After walking further inland, we reached the end of the street and came upon a small park near the Kau San Tei Lookout Pavilion. There were benches clustered under the huge trees, their shade lazily cooling us and allowing us to rest and appreciate more views of Tai O. This is what I love about slow travel and not seeing the sights with a tour operator. Unlike the mainland Chinese tour group that we encountered when we entered Tai O, we weren’t hustled about by a guide whose only aim may be for us to buy from the stalls. Here, we were far from the tour crowd and the touristy attractions of Tai O. Our only companions were Chinese photographers with their sophisticated camera equipment, who seemed to be a hobby club or a bird watching group.
There was even a sign urging people to quiet down, which I found simply respectful of the tranquil vibe of the surroundings.
Based on our itinerary, we were supposed to be in Tai O just in the morning then we should have been in Ngong Ping by early afternoon then back in Kowloon to see more sights. But despite well-made plans, we were already running late and decided to just while away the afternoon in this sleepy village. Something about Tai O really caught on to us and made us stay and wander. I thought that was good—that we were allowing serendipity into our plans, and at the same time practicing slow travel (for me, when traveling, it’s really not so advisable to squeeze in so many activities in just one day). Later on in the afternoon, we explored more of Tai O and even discovered a quaint cafe on stilts, where we decided to have late lunch. That was not in our plans but so what. We were in Tai O and something about the place simply invited us to linger.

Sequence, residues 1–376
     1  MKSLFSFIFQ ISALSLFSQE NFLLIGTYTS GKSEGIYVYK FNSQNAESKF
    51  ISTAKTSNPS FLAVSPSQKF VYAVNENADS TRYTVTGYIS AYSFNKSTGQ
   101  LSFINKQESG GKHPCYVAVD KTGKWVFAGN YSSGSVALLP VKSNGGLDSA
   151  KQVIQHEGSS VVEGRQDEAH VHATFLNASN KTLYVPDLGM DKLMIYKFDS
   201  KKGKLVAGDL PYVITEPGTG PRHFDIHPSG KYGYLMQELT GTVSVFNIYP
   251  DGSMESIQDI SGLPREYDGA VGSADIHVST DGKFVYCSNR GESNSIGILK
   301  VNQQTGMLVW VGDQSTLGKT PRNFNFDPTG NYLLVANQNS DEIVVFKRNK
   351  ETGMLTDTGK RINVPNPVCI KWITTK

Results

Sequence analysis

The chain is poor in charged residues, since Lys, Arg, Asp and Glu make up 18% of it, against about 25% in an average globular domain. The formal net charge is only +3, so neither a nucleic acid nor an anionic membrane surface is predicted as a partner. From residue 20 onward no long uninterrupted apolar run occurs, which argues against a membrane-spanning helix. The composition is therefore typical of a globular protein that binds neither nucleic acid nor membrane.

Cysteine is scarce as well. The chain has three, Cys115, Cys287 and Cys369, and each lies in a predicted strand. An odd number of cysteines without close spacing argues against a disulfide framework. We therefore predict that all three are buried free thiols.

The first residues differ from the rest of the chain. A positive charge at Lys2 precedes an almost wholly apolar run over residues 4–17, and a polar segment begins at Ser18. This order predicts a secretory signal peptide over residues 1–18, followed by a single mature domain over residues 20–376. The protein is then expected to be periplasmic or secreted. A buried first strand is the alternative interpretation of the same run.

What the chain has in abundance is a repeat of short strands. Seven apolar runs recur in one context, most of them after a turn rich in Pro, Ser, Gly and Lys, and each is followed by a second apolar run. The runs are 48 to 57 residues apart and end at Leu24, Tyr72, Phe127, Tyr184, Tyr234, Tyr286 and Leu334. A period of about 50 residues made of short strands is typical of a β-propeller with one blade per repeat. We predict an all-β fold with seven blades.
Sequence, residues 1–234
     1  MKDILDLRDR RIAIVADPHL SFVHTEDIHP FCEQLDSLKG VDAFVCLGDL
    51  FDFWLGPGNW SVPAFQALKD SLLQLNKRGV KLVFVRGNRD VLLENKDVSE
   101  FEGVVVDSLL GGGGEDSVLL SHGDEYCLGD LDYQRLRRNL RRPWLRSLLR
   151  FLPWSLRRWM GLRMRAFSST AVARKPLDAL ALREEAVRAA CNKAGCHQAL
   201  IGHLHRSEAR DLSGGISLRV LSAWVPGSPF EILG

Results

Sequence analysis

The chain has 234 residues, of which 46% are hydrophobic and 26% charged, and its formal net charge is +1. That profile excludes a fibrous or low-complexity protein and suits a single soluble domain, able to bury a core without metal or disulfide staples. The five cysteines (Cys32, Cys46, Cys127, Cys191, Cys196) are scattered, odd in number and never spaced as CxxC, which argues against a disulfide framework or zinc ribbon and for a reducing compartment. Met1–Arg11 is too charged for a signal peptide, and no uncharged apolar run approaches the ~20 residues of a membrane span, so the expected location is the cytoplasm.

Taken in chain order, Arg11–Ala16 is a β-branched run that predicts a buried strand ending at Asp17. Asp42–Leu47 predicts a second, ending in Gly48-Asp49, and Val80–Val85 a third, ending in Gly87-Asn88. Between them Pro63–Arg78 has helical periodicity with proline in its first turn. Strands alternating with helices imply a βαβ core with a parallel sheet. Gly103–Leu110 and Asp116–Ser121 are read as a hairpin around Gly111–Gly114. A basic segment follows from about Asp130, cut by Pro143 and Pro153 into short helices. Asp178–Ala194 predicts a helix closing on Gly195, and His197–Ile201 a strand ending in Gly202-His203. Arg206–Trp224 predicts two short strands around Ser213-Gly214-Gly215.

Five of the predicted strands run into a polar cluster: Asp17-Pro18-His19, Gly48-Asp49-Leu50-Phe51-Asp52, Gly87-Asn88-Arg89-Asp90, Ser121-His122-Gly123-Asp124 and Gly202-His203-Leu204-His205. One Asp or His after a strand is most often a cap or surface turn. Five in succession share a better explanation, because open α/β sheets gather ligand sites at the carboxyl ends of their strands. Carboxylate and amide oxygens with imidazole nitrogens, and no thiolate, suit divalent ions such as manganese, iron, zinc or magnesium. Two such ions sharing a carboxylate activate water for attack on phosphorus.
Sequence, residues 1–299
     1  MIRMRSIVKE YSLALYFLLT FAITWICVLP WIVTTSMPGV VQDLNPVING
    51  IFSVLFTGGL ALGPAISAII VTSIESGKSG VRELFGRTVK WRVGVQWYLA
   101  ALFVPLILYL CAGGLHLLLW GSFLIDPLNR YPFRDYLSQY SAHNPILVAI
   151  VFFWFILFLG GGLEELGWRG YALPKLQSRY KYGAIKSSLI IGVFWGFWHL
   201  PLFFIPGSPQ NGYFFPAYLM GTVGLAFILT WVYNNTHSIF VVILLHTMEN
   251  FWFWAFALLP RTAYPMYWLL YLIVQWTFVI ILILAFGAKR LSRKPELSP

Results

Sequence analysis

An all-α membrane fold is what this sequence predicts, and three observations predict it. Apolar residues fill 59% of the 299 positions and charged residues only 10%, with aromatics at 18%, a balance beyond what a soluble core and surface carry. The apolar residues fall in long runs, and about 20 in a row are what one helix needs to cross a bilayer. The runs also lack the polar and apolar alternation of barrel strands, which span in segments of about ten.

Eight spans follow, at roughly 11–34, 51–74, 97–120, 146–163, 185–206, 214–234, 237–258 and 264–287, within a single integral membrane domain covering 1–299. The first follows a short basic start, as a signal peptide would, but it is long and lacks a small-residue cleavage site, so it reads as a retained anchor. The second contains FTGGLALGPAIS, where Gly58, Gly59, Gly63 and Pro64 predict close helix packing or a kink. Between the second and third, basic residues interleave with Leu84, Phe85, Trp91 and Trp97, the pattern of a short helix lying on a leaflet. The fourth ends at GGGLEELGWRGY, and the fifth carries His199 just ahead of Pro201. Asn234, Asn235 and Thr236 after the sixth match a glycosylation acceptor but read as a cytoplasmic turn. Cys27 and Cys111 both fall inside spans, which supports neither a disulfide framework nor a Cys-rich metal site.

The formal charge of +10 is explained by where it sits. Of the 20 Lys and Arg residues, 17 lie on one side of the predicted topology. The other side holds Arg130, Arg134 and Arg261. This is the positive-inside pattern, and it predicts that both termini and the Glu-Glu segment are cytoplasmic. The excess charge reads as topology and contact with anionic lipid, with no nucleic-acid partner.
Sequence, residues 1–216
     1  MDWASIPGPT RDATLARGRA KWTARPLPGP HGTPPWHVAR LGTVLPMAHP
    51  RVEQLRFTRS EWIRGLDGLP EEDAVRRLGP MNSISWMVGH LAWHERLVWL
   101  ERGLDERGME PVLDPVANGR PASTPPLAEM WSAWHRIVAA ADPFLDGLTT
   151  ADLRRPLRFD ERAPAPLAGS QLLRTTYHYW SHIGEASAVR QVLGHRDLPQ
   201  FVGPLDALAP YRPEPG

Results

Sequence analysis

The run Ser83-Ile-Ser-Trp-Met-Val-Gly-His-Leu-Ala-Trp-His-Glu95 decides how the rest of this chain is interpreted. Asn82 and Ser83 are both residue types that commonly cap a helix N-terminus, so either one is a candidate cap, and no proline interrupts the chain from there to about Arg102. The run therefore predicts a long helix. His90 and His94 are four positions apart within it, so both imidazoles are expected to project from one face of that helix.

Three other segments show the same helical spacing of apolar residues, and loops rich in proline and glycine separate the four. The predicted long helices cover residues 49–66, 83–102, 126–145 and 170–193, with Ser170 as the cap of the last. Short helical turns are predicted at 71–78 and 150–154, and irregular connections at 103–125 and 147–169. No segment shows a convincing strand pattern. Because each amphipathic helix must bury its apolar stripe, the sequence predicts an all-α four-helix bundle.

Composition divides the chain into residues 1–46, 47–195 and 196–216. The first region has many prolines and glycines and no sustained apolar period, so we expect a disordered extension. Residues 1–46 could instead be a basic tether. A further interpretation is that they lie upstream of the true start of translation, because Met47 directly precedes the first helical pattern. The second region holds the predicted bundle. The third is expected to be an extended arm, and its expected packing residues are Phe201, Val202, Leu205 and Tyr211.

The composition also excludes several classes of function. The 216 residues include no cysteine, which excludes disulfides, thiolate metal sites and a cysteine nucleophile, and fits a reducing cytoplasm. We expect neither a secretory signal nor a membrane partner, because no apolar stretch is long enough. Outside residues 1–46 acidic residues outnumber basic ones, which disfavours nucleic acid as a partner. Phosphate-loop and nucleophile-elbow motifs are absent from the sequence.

Despite Tai O being a tourist destination, I still got the sense that everything was quite authentic. The stilt houses had boats tied to them because that’s the way the people inside those houses really lived and how they made a living. The locals were the ones who caught the seafood and hung out their catch to dry to be sold later on probably in their own shops in the Tai O Market, as opposed to being mass produced in a factory somewhere. We were there to witness the Tai O locals and their village, but it was still very much their own lives they were living, and not some caricature of a Chinese fishing village that’s being put on show for the benefit of the tourists, unlike in other places marketed as “cultural villages”.
Sure, Tai O is already a tourist spot marked on Hong Kong guide books and travel websites. Nevertheless, it still provides an authentic slice of Chinese life and culture that may be rarely glimpsed in the shopping malls of Kowloon and Central. And for that unique experience, and if you value such authentic glimpses and a chance of being a traveler instead of being just a tourist, then I’d really suggest a visit to Tai O the next time you go to Hong Kong, especially if you’re a city dweller.
Cheers and fabulous travels!